SADC Marches Towards Digital Television Switchover

Swakopmund ‑ The worldwide digital television migration by 2015 represents a major landmark towards establishing a more equitable, just and people-centred information society.
The digital switchover will leapfrog existing technologies (analogue) to connect the unconnected in underserved and remote communities and close the digital divide.
Digital broadcasting transition is a global process, which started in 2006 following an agreement by International Telecommunication Union (ITU) member states to switch from analogue to digital broadcasting signals.
ITU member states in 2006 agreed to the switchover deadline of June 17, 2015.
Several regions of the world are in different stages of adaptation and implementing different broadcasting standards.
While many African countries are grappling to catch up with the rest of the world, the Southern African region is one of the front-runners on the continent in the race to make the transition to digital broadcasting.
SADC started the digital migration process in June 2009 and set December 31, 2013, as the deadline for the switchover to give the region time to address any challenges that may result from the migration prior to the ITU 2015 deadline.
Representatives from SADC member states met in Namibia’s coastal resort town, Swakopmund, for the Fifth SADC Digital Terrestrial Television (DTT) Forum from April 15.
The three-day forum took stock of how individual member countries are fairing in digital migration, and whether the region is on course to meet the December 2013 deadline.
The meeting also reviewed the implementation of the region’s roadmap on the member states and addressed some of the challenges individual countries are facing in meeting the deadline.
In his opening address at the forum, Joel Kaapanda, the Namibian Minister of Information and Communication Technology, emphasised the importance of meeting the ITU’s analogue switch-off deadline.
Should SADC fail to meet the global deadline, Kaapanda said, “We are at risk of paying the painful penalty of being isolated from the world’s broadcasting community.
“I am pleased to note that our sub-region is one of the regional economic communities that have made notable progress on the subject of analogue to digital broadcasting migration.”
SADC was the first regional grouping in Africa to set up a regional roadmap to oversee migration from analogue to the digital television broadcasting.
The region has set up a Regional Implementation Steering Committee and Project Management Office to monitor the implementation of DTT migration and avail necessary assistance to member states.
Kaapanda stressed that the region needs to utilise such institutional frameworks “so that SADC makes a smooth and seamless DTT transition and benefit from the digital dividend”.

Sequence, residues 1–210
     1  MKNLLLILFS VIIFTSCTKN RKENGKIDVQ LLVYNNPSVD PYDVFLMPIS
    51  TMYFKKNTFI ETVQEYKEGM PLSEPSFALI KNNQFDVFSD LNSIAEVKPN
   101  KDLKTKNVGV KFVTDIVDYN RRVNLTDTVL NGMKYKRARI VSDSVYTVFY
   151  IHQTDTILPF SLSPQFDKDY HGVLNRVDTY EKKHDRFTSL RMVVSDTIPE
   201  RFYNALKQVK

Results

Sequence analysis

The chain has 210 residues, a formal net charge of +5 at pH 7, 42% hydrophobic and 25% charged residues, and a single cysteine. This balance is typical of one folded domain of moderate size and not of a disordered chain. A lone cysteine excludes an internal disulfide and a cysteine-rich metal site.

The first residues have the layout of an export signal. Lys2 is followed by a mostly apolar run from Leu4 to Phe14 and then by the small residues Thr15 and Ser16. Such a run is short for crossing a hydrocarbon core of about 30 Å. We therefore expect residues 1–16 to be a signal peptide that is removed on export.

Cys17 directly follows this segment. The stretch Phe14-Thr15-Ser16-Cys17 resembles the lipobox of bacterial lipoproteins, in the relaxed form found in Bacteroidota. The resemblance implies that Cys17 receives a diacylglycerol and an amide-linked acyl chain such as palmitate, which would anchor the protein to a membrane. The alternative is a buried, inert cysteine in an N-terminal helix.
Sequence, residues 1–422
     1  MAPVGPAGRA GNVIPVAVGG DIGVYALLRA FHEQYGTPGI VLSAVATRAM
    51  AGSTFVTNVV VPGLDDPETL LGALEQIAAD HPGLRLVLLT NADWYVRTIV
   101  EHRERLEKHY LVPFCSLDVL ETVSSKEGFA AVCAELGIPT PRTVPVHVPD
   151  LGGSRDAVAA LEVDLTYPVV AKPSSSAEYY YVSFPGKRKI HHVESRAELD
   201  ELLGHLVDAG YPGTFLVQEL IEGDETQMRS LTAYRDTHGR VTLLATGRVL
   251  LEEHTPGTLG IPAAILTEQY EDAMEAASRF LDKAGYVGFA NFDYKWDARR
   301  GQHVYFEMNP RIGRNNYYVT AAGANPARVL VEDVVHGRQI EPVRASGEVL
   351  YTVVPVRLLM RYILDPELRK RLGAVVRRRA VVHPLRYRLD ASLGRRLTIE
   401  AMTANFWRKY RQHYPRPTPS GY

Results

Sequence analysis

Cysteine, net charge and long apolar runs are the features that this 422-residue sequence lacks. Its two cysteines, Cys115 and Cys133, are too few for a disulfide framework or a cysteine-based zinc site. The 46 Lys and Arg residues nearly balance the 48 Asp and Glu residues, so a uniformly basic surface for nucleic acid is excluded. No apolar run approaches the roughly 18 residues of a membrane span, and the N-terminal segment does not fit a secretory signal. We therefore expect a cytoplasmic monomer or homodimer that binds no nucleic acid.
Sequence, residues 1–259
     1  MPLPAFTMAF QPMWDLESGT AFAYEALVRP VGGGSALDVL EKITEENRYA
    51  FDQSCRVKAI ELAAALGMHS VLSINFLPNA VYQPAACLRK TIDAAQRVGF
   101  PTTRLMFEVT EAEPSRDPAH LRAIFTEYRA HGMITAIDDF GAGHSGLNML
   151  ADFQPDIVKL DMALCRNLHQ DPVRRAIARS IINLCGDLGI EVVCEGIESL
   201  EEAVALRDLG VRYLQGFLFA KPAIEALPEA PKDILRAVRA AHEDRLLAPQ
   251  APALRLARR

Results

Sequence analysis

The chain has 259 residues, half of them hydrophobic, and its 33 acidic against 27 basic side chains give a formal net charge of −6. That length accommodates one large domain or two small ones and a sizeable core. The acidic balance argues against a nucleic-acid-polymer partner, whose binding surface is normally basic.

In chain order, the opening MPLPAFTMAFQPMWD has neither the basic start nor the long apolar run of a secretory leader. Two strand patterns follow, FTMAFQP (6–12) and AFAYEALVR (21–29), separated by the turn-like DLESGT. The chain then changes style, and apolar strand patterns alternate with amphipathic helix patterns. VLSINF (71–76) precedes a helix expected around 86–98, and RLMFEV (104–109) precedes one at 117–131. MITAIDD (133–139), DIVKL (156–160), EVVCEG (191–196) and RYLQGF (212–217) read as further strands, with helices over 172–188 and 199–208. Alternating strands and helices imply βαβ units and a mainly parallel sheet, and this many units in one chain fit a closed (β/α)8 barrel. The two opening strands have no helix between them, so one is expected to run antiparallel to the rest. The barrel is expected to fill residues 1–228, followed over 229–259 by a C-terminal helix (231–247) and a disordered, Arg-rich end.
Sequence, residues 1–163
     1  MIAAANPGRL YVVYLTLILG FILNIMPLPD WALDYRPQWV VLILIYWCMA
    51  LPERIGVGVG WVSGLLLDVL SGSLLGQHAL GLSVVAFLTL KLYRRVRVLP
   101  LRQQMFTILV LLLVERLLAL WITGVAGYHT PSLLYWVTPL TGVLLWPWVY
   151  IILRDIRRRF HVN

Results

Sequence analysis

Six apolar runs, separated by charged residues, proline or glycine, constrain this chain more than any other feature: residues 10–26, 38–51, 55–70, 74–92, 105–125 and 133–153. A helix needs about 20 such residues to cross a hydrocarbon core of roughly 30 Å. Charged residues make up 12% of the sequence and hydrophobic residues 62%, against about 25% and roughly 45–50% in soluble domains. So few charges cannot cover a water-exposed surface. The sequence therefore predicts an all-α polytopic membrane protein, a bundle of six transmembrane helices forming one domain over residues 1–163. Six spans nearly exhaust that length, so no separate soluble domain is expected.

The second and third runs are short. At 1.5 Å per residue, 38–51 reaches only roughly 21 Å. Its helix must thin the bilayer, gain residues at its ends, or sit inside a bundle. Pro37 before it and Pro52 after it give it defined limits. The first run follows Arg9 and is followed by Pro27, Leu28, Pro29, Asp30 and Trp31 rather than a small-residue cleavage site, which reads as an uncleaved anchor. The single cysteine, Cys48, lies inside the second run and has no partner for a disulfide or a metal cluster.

Marten Langa ‑ who represented Mozambique as the SADC Chair ‑ said, “Despite tremendous progress we [have] made so far, funding remains the biggest challenge in order for us to migrate from analogue to digital broadcasting.”
In an interview with The Southern Times Langa said, “For the process to be completed, you need money for deployment of transmitters, provision and expansion of signals. All those require a large amount of money.”
Regarding issues of funding, Langa said his country, Mozambique, needs at least US$90 million to successfully switch over from analogue to digital broadcasting.
Langa explained that in order to raise the much-needed funds, the Mozambique government has sanctioned the auctioning of five spectrum frequencies in the 790MHz-862MHz band ‑ in the range of 790MHz to 862MHz.
The process started in March, and “we are going to do evaluation of the process, whether it has any desired outcomes. The spectrum auction is expected to be held in June 2013, with base price for biding set at US$30 million”, he said.
Lack of finance has also delayed the DTT migration process in Zimbabwe.
Obed Muganyura, who represented the Zimbabwe Broadcasting Authority (ZBC) at the SADC forum, said his country faces serious financial challenges.
Muganyura emphasised that although the authority has received funding from the state, but it is not sufficient to enable the implementation of the whole process.
However, ZBC has teamed up with a strategic partner to roll-out the DTT platform, including conducting trials and setting up regulatory frameworks, he said.
“Efforts are [being] made despite economic circumstances we are facing in Zimbabwe; otherwise we are facing serious challenges in meeting the SADC deadline,” Muganyura said.
Meanwhile, Minister Kaapanda said Namibia has developed an approach for transition to digital broadcasting and established a transition timeframe and programme for analogue.
The country adopted the DVB-T2 technical standard two years ago and has since made significant strides in upgrading broadcasting infrastructure that culminated in the launch of national DTT testing phase on December 5, 2012.
Analysts believe that Africa’s digital transition in broadcasting has the potential to improve both the quantity and quality of what is available on TV and increase the number of people who will be able to watch it.
Due to better compression, broadcasters will be able to offer several channels of programming in a spectrum that was previously only able to transmit a single analogue channel, according to the Association for Progressive Communications (APC).
The ACP says viewers are likely to be offered a wider range of channels ‑ subject only to the broadcasters’ finding a business model to make the channels financially viable.
The association is an international network of civil society organisations working for peace and human rights, development and protection of the environment, through the strategic use of information and communication technologies.


April 2013
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